NHS Highland has been ordered to apologise after a new born baby suffered brain damage while in the health board’s care.
A watchdog investigated complaints made by the child’s parents over the level of care and treatment received by the mother, dubbed A to protect her identity.
A – who was pregnant at the time – and her partner, C, alleged that initially, when she first began to experience abdominal discomfort, she was told by her local hospital to visit the health board’s main regional hospital.
The couple made the three-hour trip in their car, and A was admitted overnight, before being discharged the following day.
Her waters broke a week later – after being told that an ambulance was not required, the pair made the three-hour drive again.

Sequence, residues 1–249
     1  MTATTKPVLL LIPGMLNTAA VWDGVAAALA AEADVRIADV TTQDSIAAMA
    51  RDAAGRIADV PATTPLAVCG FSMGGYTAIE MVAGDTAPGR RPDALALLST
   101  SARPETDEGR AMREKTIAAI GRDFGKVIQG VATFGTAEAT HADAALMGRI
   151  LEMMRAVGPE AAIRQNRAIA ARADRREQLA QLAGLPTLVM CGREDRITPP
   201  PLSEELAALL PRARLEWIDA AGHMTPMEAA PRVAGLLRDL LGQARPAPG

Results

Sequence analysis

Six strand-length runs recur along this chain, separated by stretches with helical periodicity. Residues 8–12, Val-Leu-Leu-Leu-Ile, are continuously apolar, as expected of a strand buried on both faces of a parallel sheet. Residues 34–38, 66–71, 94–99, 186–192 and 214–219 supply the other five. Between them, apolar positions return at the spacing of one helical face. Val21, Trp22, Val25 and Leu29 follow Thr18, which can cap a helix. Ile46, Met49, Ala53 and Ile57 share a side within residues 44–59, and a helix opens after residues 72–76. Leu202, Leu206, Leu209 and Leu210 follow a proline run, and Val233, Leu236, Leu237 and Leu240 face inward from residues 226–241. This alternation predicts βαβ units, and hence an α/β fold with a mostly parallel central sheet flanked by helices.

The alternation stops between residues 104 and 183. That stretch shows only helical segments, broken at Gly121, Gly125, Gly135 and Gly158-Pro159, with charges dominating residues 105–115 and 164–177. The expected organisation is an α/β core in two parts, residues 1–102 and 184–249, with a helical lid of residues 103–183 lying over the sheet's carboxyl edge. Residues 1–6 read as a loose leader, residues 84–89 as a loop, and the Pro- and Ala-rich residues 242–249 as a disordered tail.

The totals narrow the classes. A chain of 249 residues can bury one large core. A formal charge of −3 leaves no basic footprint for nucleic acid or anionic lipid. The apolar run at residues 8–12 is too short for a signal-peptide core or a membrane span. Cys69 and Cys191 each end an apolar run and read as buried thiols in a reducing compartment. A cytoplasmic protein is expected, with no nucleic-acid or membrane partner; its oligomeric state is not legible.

Later that afternoon, doctors gave A and C a number of options: continue with natural labour, attempt a process of augmentation (helping along a labour that’s not progressing as it should), or an immediate C-section.
They agreed to a C-section. Once born, however, their baby had to be resuscitated.
Three days later, a scan of the child’s brain revealed they had suffered brain damage which could lead to learning difficulties.
In a report, the Scottish Public Services Ombudsman (SPSO) said NHS Highland had failed to provide reasonable care to the pregnant woman and her unborn child.
It took independent advice from a neonatal consultant and it also found that during both admissions, the board failed to fulfil their obligations under “duty of candour”.
SPSO said the health board should apologise and carry out a series of recommended actions to improve care.
A spokesperson for NHS Highland said: “We have fully accepted the recommendations in the report from the SPSO and actions are being implemented.
“Pam Dudek, our chief executive, has written to the family to apologise.”